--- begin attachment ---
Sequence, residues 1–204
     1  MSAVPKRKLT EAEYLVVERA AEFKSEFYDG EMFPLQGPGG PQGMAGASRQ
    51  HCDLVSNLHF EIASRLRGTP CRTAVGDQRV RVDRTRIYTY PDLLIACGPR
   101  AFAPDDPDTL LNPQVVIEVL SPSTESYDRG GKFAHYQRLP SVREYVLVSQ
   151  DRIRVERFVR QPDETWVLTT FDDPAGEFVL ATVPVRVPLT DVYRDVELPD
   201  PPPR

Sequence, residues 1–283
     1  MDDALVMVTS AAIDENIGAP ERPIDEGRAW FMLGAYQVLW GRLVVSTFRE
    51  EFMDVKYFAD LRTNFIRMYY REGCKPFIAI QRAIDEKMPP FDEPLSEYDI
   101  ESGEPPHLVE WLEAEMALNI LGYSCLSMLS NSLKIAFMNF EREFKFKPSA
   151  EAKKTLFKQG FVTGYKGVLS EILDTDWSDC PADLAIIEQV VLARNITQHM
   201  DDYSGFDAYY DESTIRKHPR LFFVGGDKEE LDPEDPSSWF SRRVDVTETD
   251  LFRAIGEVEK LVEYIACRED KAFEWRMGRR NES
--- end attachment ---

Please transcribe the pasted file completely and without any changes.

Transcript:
Sequence, residues 1–204
     1  MSAVPKRKLT EAEYLVVERA AEFKSEFYDG EMFPLQGPGG PQGMAGASRQ
    51  HCDLVSNLHF EIASRLRGTP CRTAVGDQRV RVDRTRIYTY PDLLIACGPR
   101  AFAPDDPDTL LNPQVVIEVL SPSTESYDRG GKFAHYQRLP SVREYVLVSQ
   151  DRIRVERFVR QPDETWVLTT FDDPAGEFVL ATVPVRVPLT DVYRDVELPD
   201  PPPR

Sequence, residues 1–283
     1  MDDALVMVTS AAIDENIGAP ERPIDEGRAW FMLGAYQVLW GRLVVSTFRE
    51  EFMDVKYFAD LRTNFIRMYY REGCKPFIAI QRAIDEKMPP FDEPLSEYDI
   101  ESGEPPHLVE WLEAEMALNI LGYSCLSMLS NSLKIAFMNF EREFKFKPSA
   151  EAKKTLFKQG FVTGYKGVLS EILDTDWSDC PADLAIIEQV VLARNITQHM
   201  DDYSGFDAYY DESTIRKHPR LFFVGGDKEE LDPEDPSSWF SRRVDVTETD
   251  LFRAIGEVEK LVEYIACRED KAFEWRMGRR NES